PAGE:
Save Park Blvd San Diego and Demand Better Government Communication & Transparency – Petition

by on July 12, 2022 · 45 comments

in San Diego

The following is the text of a petition begun by San Diego folks who want to save Park Boulevard and who are demanding “better government communication and transparency:”

City of San Diego continues to make drastic changes in our neighborhoods without thinking of the impact of the whole community not just the few and always in the best interest of  the developers!

San Diego’s Mayor Todd Gloria, his staff and Chief of Transportation have gone into neighborhoods like North Park, Mira Mesa, Pacific Beach, Point Loma and Rancho Penasquitos : who knows yours might be next!  They are making changes without notifying  the voters or property owners.

They currently have planned to redesign and remove parking of 4 blocks both directions on Park Blvd, El Cajon and University Ave. This would cause safety issues to the Senior communities, the unique and very specific businesses on the 4200 block of Park plus the amount of congestion that would move into the surrounding residential areas.

WE ARE NOT AGAINST BIKE LANES they already exist on Georgia Street and Florida Street plus various other streets in the area. Bike lanes are needed but the Mayor represents all of San Diego City and should listen to all of our opinions when making decisions.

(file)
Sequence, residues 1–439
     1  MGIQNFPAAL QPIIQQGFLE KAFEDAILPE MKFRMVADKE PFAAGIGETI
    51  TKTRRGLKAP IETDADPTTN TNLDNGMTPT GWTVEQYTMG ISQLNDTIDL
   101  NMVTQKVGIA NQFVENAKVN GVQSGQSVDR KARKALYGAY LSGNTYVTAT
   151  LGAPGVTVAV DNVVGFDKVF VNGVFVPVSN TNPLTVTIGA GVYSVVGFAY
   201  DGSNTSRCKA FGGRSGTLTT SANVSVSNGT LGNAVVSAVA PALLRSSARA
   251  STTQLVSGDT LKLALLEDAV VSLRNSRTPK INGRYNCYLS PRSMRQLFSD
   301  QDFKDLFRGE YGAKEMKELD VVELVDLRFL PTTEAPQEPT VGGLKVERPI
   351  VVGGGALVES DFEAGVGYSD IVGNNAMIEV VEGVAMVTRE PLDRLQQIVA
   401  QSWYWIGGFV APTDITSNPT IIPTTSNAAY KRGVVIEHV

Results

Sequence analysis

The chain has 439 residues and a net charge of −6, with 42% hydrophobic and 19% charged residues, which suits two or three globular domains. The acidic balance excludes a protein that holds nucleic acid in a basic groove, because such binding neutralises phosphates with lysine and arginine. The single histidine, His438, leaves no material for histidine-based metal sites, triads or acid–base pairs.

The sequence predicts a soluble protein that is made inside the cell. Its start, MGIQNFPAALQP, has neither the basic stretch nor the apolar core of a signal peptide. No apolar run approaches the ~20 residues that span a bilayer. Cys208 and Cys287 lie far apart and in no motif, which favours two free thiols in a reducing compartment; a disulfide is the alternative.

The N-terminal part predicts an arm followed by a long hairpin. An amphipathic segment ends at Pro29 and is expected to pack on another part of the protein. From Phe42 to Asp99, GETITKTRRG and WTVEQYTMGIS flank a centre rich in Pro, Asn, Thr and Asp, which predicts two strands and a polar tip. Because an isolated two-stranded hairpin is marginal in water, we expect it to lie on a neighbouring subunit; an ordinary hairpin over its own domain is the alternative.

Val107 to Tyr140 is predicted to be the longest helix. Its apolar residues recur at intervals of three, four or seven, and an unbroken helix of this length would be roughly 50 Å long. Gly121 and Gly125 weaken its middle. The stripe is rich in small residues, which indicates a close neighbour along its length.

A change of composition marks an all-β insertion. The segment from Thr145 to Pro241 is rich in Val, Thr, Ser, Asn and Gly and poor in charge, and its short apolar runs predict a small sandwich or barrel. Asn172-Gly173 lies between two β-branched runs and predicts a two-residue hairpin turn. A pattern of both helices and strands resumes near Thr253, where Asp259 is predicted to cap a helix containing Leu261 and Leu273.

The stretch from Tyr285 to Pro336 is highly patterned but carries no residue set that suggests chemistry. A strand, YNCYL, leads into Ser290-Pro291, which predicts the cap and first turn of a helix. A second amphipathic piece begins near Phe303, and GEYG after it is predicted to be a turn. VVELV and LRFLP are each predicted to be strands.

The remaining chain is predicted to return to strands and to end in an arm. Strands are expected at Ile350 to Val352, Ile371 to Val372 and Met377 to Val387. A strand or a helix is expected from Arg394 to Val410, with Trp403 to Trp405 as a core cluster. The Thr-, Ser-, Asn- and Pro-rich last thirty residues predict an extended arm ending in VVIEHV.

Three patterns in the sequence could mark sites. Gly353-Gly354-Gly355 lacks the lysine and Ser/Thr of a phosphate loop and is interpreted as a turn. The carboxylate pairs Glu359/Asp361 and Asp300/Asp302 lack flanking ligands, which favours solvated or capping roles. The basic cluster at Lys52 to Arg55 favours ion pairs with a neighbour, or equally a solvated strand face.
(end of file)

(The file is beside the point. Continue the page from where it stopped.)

The real issue is the City Mayor, Councilmen, City officials and Elected representatives refuse to communicate with businesses, community planning committees and property owners. The lack of communication, transparency and mutual respect that the City has for the people who call University Heights/ North Park/ Hillcrest and other communities home is the greater issue!

This drastic reduction of parking spaces completely disregards the legitimate needs of the residents and businesses in the area, especially the disabled and elderly. Buses, emergency, trash, street sweepers, delivery off loading and ride sharing vehicles will be forced to stop in traffic lanes, causing traffic jams. This plan is simply not feasible for a major thoroughfare   that passes through a small commercial area and a historic residential community. The vast majority of all businesses, property owners and residents on Park Blvd and the surrounding streets oppose this plan.

We want to work with the City to come to a mutual agreement on how to protect and progress our City.  Let’s focus on enhancing the area, rather than disrupting residents and visitors, and potentially putting our merchants out of business.

We need your help to open Mayor Gloria and Councilman Whitburn’s eyes. Write letters: 202 C Street, San Diego, CA  92101 OR emails OR phone calls.

Let them all hear us, since Gloria and Whitburn won’t listen, Terra and Nathan Fletcher our County Supervisors won’t return calls, Jorge Riveros head of City Transportation is unresponsive and pushes you off to his staff. They all refuse to come talk to those of us who live here, work here and  pay taxes here.

Link to Petition.

{ 45 comments… read them below or add one }

Nathan J July 12, 2022 at 1:22 pm